24 June 2015

How do you Feel – Training our Feelings

Greetings Dear Reader,

Last night I saw something so painful.  I was at a baseball game with my Son Bezel.   A child about the age of four or five was walking up the metal stairs and slipped.  His eye socket hit directly on the next step.  He was stunned but also obviously in great pain.  One of the stadium personnel was there and immediately helped the child.  The boy will have a shiner but will be OK.

What amazed me was his reaction.  He did not wail, cry out, or in any way let on that he was hurt save to wince and hold hand up to his face.  We could tell he was in pain but he controlled his response.  How many of us would do the same?

Yesterday I thought through controlling when we feel.  Today I am pondering how we manufacture some feelings.  In the case of this boy no one would have been surprised at wailing and tears.  I am more surprised that there were not. 

Some feelings like the response to pain are visceral and come from deep within us.  They are necessary for survival.   Others like offense and anger are a result of how we think about what happens around us.  I used to have anger as my primary response to almost anything I did not like.   I leaned just how destructive this is.

I have spent years training my mind and heart to respond differently.  That happens by capturing our thoughts.  If I think about how I feel before I express how I feel I may be able to feel more honestly. 

If I do wrong and there are consequences I have no right to be angry about that.  If I take offense at something out of pride or arrogance then I have manufactured a feeling that is unhealthy.  It is easy to feel the feeling without examining its source.  When I feel anger or offense welling up I am obligated to ask if the feeling is justified.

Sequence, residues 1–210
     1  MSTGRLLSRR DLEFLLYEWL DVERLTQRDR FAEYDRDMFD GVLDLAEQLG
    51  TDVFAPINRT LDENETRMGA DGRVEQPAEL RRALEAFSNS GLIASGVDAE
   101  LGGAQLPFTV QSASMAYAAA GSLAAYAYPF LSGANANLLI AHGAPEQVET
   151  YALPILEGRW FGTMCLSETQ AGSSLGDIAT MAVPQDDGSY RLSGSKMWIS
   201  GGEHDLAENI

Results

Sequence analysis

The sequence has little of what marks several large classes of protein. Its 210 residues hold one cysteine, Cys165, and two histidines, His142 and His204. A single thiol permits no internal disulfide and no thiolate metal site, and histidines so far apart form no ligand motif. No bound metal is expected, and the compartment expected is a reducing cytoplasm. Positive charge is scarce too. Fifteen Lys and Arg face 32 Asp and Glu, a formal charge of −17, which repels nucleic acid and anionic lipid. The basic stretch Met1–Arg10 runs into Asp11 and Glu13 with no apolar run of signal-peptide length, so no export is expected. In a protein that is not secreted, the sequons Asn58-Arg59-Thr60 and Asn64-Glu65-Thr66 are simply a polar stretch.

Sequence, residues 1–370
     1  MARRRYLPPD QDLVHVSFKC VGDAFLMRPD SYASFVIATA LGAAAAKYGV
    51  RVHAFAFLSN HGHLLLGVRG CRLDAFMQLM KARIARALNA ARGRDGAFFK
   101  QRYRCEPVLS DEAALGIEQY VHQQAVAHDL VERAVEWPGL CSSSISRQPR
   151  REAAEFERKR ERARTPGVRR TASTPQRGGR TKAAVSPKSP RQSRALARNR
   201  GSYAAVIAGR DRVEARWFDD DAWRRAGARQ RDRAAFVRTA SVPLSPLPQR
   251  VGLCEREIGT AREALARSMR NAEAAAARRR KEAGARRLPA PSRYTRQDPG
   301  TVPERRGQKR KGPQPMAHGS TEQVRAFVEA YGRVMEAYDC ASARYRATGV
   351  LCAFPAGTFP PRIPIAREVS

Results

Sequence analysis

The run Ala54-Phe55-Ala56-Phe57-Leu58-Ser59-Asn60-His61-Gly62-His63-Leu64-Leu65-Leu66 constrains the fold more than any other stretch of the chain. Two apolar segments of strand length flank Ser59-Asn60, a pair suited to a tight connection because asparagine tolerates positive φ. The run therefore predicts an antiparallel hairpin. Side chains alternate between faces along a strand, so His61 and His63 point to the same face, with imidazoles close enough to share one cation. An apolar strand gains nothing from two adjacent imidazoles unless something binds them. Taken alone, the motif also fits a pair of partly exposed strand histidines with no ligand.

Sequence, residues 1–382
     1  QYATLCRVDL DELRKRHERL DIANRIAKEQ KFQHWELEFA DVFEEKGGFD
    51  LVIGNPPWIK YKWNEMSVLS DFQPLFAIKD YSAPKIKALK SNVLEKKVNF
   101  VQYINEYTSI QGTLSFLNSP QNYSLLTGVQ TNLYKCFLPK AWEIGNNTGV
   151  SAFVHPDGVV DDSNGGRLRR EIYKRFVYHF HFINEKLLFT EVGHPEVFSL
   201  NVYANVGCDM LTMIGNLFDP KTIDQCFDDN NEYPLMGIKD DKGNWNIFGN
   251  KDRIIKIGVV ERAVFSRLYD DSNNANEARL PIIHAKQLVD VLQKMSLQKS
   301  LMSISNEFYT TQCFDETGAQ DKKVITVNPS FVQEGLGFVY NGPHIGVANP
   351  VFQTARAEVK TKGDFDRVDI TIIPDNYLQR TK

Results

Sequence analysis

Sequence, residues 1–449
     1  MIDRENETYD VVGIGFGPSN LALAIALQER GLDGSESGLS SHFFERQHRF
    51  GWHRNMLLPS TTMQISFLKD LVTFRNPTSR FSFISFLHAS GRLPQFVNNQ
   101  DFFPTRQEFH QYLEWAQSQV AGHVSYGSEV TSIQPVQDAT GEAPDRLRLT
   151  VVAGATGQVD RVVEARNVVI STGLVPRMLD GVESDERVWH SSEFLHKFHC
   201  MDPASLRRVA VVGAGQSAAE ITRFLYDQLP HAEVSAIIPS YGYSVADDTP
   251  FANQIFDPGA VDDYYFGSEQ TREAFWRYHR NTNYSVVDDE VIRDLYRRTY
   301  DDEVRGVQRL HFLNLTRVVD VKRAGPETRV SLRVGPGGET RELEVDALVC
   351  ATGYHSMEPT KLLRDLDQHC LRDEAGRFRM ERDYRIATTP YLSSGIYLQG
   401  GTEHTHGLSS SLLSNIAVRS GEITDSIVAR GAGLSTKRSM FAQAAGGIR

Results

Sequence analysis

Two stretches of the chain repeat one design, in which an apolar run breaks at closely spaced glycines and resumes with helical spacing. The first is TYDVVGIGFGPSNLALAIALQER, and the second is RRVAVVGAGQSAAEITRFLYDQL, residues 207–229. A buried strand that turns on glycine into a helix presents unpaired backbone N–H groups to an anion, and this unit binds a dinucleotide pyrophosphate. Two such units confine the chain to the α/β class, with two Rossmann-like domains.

Yes you feel how you feel but sometimes that is based on what I am thinking.  We live in a culture where we are training ourselves to be offended.  We set up rules that establish if, then scenarios for offense and anger.  Culture should not dictate how one feels.  Honesty and love must dictate how I feel. 

If I discipline my mind to think well then I can master the manufacture of feeling based on poor thinking.  If I practice love and humility I will not be easily offended.  If I follow the command to love others I will not become angry as easily.  How we feel must be honest but it must also be based on honest thinking.   If I lose that then my feelings will be predisposed to self-centered thinking.  This is harmful and wrong.  “To think well is to serve God in the interior court.” – Thomas Traherne

Wishing you joy in the journey,

Aramis Thorn
Mat 13:52 So Jesus said to them, "That is why every writer who has become a disciple of Christ’s rule of the universe is like a home owner. He liberally hands out new and old things from his great treasure store.”

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